In the event that your partner dies without leaving a will, you can inherit some or all of the property. However, if a will has been made, the inheritance will be determined in accordance with the will. If the deceased partner has left the property in your name, you will not have to pay inheritance tax on it.

When it comes to children’s inheritance and civil partnerships, a child can inherit assets from their birth parents or adopted parents – and their parents' extended families – if there's no will. However, a child cannot inherit from both. Therefore, if they are adopted, they will no longer be able to inherit from their birth parents. If there is a will, the child will inherit in accordance with the will.

Ending a civil partnership

The ending of a civil partnership can work like divorces for marriages in that you can apply for a dissolution order. If you don’t want to apply for a dissolution, you can get a legal separation from your partner.

If you haven’t been in your civil partnership for longer than a year, you will be unable to apply for dissolution. This is when legal separation becomes an option, as it allows you to legally separate from your partner until the one-year period has passed.

Adopting a child

Civil partners who live together can jointly adopt a child. This process is incredibly straightforward if the child in question is one of the partners and has been living with them for over six months.

If the child in question does not satisfy those criteria, then the process will take a little longer to complete and will likely require the services of an agency.

If you want to adopt a child from another country, you must satisfy the requirements of the country you want to adopt from. A specialist in overseas adoption will be able to help with this.

Children at the end of a civil partnership

At the end of a civil partnership, parental responsibility for the children must be determined. You have parental responsibility if you are responsible in some way for the child’s welfare, education, and health.

In an opposite-sex civil partnership, you will automatically have parental responsibility if you are the child’s mother or father – whether that’s biologically or adopted. If you are not the child’s mother or father, you’re considered a step-parent, which means you have no parental responsibility over the child.

In a same-sex civil partnership, you may already have parental responsibility depending on your circumstances at the time of treatment.

Financial support

Even if your civil partnership has ended, you will still have a legal responsibility to support your partner financially. You will also be responsible for financially supporting a child if you are the biological or adopted father.


Civil partners that live together in a rented property have equal rights to stay in that home, regardless of the name on the rental contract. Therefore, if your partner asks you to leave, you can choose to stay. The only time you have to leave is if you have been ordered to do so by a court.

If your partner passes away and your name is not on the rental contract, as their civil partner, you may have the right to stay in that home.

If you or your partner owns a home, both partners have equal rights to stay in the home, regardless of who bought it and whose name it is under. This is known as having ‘home rights’.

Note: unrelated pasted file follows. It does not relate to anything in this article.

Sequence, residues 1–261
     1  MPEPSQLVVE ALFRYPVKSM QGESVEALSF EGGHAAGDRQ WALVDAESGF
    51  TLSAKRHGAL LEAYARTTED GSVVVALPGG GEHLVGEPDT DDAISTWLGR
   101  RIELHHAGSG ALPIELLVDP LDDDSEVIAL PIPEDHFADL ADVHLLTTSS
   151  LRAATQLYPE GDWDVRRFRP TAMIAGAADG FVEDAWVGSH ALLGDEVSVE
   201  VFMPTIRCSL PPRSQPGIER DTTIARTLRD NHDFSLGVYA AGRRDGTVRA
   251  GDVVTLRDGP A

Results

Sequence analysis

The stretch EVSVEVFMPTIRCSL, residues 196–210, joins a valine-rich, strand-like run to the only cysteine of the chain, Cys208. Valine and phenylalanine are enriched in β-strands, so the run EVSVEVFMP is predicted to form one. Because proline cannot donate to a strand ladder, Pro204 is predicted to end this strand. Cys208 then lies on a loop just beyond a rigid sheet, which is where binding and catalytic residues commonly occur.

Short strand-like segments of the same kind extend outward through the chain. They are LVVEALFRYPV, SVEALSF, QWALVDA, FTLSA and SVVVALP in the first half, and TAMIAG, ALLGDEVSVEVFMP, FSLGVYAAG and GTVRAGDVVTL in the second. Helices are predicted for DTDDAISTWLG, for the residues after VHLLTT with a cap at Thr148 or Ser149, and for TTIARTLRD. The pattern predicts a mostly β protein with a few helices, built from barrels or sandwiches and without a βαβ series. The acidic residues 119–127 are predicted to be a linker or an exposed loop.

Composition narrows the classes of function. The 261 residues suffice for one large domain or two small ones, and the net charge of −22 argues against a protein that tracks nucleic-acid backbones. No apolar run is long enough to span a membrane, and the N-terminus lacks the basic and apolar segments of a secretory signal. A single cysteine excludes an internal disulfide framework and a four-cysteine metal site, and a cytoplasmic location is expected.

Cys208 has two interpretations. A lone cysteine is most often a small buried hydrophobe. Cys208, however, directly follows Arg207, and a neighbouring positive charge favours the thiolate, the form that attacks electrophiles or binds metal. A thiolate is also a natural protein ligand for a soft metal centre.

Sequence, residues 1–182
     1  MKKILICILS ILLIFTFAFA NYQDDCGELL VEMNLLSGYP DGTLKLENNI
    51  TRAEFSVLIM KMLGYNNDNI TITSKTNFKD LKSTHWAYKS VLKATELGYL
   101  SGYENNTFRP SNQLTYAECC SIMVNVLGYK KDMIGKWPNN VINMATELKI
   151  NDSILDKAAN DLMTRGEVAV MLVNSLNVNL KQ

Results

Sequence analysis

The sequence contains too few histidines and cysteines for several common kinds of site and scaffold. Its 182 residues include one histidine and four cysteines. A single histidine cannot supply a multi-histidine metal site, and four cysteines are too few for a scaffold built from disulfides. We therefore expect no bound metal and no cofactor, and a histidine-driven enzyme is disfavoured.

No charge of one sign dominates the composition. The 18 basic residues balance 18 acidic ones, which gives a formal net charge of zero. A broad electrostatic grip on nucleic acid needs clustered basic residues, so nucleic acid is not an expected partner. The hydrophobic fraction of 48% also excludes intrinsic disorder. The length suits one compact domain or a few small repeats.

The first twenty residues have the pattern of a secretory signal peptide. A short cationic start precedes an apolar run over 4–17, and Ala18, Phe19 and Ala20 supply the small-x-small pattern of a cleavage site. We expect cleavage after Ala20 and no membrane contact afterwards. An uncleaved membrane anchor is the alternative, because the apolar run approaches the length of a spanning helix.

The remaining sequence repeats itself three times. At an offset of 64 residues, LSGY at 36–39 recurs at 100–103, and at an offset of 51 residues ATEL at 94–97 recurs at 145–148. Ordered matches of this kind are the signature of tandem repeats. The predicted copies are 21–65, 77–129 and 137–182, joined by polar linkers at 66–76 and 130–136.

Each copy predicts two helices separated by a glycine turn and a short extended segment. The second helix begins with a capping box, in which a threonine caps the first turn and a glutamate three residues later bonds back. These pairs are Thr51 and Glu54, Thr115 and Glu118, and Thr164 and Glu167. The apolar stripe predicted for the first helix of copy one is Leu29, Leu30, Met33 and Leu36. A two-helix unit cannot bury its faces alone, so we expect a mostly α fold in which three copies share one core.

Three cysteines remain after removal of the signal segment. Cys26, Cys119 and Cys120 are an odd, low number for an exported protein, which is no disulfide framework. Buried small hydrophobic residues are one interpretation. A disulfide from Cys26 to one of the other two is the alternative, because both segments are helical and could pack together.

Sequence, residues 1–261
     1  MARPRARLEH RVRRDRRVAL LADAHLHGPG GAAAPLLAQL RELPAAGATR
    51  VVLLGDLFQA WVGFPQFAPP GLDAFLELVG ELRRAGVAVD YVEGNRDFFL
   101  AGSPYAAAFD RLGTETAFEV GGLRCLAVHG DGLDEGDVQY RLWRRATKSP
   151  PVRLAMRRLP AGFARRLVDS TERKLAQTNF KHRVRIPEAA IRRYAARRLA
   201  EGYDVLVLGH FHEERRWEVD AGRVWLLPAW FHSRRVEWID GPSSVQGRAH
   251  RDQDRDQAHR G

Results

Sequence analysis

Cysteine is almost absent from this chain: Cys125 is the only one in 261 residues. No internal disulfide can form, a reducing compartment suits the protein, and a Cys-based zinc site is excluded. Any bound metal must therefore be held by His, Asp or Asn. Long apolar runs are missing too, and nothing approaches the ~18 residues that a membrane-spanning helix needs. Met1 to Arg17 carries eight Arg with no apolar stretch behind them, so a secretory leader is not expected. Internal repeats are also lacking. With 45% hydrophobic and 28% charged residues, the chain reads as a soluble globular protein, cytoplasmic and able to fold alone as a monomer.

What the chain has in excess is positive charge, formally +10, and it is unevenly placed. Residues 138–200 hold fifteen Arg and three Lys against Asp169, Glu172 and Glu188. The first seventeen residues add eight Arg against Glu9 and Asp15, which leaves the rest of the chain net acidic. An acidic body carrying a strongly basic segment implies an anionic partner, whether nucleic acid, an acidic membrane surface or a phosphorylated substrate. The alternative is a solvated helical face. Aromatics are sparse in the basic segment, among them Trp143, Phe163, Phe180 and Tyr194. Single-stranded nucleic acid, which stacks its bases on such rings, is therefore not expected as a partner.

Medical consent

In a civil partnership, you do not have the right to consent to any form of medical treatment on behalf of your partner. The only caveat with this is if your partner is in a state of unconsciousness and cannot make a decision for themselves.


As a civil partner, you can sometimes claim State Pension based on your partner’s National Insurance contributions. Also, when it comes to all workplace pension schemes and some private pension schemes, you will also receive the same benefits in a civil partnership as you would in a marriage.

Civil partnerships were first introduced on 5 December 2005 under the Civil Partnership Act 2004. This legislation's passing was the first time same-sex couples could obtain legal acceptance and rights for their relationship. They now had responsibilities and rights akin to those in a marriage.

A civil partnership was the only way for same-sex couples to gain legal recognition for their relationship until 13 March 2014, at which point the UK government passed legislation for same-sex couples to enter a same-sex marriage.

For a long time, the civil partnership law was only applicable to same-sex civil partnerships. This means that whilst same-sex couples had the option to enter a civil partnership or a marriage, opposite-sex couples only had one option, marriage. It wasn’t until 2 December 2019 that opposite-sex couples were able to form a civil partnership as well.

No, they are two separate things. A common law spouse is defined as a couple who live together but have not entered into a marriage or civil partnership.

Whilst entering a civil partnership gives both civil partners certain legal rights and responsibilities, as mentioned above, being a common law spouse with your significant other will provide you with no such thing.

Therefore, broadly speaking, individuals must be in a civil partnership or marriage with their significant other to receive protection in the eyes of the law.

A civil partnership is legal recognition of a relationship between same-sex and opposite-sex couples. Initially, they were exclusively reserved for same-sex couples but have since included opposite-sex couples since 2019.

Civil partnerships provide almost identical benefits to those given to partners in a marriage, with civil partners receiving legal rights and responsibilities when it comes to finances and possessions, inheritance, adopting children, housing, and more.